In addition to the Reynolds number, there are at least two other relevant dimensionless parameters. A wing has three velocity scales: the flapping velocity with respect to the body (u), the forward velocity of the body (U0), and the pitching velocity (Ωc). The ratios of them form two dimensionless variables, U0/u and Ωc/u, the former is often referred to as the advance ratio, and it is also related to the reduced frequency, fc/U0.
If an insect wing is rigid, for example, a Drosophila wing is approximately so, its motion relative to a fixed body can be described by three variables: the position of the tip in spherical coordinates, (Θ(t),Φ(t)), and the pitching angle ψ(t), about the axis connecting the root and the tip. To estimate the aerodynamic forces based on blade-element analysis, it is also necessary to determine the angle of attack (α). The typical angle of attack at 70% wingspan ranges from 25° to 45° in hovering insects (15° in hummingbirds). Despite the wealth of data available for many insects, relatively few experiments report the time variation of α during a stroke. They include wind tunnel experiments of a tethered locust and a tethered fly, and free hovering flight of a fruit fly.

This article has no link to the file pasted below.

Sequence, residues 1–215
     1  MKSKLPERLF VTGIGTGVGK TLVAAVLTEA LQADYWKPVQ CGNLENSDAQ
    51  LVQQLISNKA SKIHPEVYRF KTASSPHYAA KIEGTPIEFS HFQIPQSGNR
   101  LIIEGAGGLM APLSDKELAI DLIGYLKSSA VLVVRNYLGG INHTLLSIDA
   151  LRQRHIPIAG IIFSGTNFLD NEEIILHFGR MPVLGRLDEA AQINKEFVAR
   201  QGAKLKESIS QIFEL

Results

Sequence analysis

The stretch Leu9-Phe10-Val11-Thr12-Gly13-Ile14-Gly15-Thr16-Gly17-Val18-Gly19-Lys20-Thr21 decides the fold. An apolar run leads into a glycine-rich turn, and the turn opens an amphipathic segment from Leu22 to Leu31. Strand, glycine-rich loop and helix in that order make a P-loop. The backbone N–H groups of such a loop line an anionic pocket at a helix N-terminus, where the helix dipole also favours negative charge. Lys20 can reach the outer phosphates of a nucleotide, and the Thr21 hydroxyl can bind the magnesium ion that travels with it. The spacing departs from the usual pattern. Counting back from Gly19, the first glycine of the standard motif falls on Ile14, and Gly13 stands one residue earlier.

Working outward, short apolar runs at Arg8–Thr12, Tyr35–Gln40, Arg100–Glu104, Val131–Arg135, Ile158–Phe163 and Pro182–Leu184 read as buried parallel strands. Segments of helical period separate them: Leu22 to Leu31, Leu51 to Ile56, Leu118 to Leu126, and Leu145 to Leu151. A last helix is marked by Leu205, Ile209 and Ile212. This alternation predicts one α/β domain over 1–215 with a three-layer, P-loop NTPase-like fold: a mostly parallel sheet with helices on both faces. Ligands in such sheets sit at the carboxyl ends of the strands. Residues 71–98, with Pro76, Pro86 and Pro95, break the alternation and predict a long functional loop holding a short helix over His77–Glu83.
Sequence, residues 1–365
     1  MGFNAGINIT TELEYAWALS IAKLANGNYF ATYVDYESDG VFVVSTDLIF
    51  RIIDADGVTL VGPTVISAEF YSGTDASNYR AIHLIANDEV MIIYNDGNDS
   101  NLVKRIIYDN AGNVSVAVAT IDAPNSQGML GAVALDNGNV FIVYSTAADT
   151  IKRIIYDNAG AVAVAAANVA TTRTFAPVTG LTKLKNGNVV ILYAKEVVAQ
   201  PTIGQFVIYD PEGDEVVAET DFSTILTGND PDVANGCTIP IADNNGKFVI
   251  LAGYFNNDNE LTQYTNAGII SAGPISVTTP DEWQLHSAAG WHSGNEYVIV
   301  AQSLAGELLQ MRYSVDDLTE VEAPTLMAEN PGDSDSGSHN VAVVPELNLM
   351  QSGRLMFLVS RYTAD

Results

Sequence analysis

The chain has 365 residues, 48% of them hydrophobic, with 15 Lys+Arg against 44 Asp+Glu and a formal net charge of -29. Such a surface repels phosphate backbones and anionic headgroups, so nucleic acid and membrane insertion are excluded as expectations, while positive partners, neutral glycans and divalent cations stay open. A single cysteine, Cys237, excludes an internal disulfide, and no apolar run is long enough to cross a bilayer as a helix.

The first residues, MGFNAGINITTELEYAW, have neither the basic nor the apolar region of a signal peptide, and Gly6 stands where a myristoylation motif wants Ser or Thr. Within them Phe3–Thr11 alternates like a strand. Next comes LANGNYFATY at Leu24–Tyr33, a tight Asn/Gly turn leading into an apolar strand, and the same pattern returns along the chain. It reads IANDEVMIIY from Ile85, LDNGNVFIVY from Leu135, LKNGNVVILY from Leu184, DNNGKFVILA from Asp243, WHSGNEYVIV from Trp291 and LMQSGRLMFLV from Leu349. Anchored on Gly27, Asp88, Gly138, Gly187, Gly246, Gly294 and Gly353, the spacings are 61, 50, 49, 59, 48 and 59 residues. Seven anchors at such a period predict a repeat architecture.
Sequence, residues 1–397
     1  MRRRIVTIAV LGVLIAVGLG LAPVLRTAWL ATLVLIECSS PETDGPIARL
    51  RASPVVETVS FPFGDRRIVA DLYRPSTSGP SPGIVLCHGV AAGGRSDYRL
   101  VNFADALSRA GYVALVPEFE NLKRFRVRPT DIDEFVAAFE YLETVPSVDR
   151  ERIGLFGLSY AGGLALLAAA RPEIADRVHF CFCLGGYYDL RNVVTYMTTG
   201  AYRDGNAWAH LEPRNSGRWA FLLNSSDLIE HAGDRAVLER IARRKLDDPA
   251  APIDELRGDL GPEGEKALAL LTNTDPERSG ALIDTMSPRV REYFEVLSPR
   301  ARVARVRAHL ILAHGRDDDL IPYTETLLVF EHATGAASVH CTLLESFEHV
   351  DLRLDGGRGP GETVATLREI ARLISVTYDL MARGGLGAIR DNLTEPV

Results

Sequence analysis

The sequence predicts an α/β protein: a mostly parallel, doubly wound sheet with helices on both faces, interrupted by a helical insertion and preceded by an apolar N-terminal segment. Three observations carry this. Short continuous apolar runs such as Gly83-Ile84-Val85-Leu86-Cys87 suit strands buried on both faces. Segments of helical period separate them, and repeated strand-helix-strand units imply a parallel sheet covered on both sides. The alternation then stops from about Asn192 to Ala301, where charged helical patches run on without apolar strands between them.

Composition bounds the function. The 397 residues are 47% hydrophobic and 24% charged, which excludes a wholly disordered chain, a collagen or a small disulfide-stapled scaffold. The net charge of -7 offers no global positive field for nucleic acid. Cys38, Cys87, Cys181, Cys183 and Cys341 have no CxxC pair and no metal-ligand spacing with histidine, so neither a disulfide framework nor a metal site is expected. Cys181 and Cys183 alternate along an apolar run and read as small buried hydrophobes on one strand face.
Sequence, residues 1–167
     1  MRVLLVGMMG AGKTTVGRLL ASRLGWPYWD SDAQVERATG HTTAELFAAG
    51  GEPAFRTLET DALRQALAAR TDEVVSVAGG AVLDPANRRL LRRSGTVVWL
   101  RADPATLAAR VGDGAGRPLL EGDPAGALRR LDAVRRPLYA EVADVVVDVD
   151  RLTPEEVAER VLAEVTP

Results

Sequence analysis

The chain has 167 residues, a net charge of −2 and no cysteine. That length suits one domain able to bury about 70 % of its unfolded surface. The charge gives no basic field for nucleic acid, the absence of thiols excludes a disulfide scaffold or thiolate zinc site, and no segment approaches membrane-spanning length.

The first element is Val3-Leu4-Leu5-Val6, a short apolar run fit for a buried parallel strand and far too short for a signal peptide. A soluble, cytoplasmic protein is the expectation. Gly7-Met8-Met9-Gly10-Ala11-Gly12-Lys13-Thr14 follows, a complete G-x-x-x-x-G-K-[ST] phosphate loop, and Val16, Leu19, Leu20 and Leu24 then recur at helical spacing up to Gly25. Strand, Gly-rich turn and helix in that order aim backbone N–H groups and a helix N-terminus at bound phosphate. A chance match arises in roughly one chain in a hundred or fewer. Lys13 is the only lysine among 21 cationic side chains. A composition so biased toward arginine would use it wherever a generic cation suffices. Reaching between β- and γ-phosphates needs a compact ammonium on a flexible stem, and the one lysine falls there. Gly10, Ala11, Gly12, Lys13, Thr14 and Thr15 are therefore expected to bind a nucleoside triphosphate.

Because they are relatively easy to measure, the wing-tip trajectories have been reported more frequently. For example, selecting only flight sequences that produced enough lift to support a weight, will show that the wing tip follows an elliptical shape. Noncrossing shapes were also reported for other insects. Regardless of their exact shapes, the plugging-down motion indicates that insects may use aerodynamic drag in addition to lift to support its weight.
|Large white butterfly||5.6||12|
|Thrips (clap and fling)||0.68||254|
Many insects can hover, or stay in one spot in the air, doing so by beating their wings rapidly. The ability to do so, though, is complex; requiring the use of sideways stabilization as well as the lift necessary to overcome the force of gravity. The lifting force is caused by the downward stroke of the wings. As the wings push down on the surrounding air, the result reaction force of the air on the wings force the insect up. The wings of most insects are evolved so that, during the upward stroke, the force on the wing is small. Due to the fact that the upbeat and downbeat force the insect down and up respectively, the insect oscillates and winds up staying in the same position.